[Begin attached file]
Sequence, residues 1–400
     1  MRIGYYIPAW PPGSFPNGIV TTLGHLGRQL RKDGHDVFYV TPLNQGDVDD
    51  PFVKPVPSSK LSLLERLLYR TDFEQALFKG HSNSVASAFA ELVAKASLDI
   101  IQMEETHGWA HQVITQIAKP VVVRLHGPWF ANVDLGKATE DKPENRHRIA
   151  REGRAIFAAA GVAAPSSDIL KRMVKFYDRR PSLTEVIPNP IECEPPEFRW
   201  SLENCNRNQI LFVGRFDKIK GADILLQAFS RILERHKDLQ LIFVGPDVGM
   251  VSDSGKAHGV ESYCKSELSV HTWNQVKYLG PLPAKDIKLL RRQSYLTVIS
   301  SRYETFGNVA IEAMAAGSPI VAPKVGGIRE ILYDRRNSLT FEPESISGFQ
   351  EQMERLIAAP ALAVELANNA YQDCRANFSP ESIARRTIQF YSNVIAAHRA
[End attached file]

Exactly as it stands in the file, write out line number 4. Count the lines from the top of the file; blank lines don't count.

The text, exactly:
   101  IQMEETHGWA HQVITQIAKP VVVRLHGPWF ANVDLGKATE DKPENRHRIA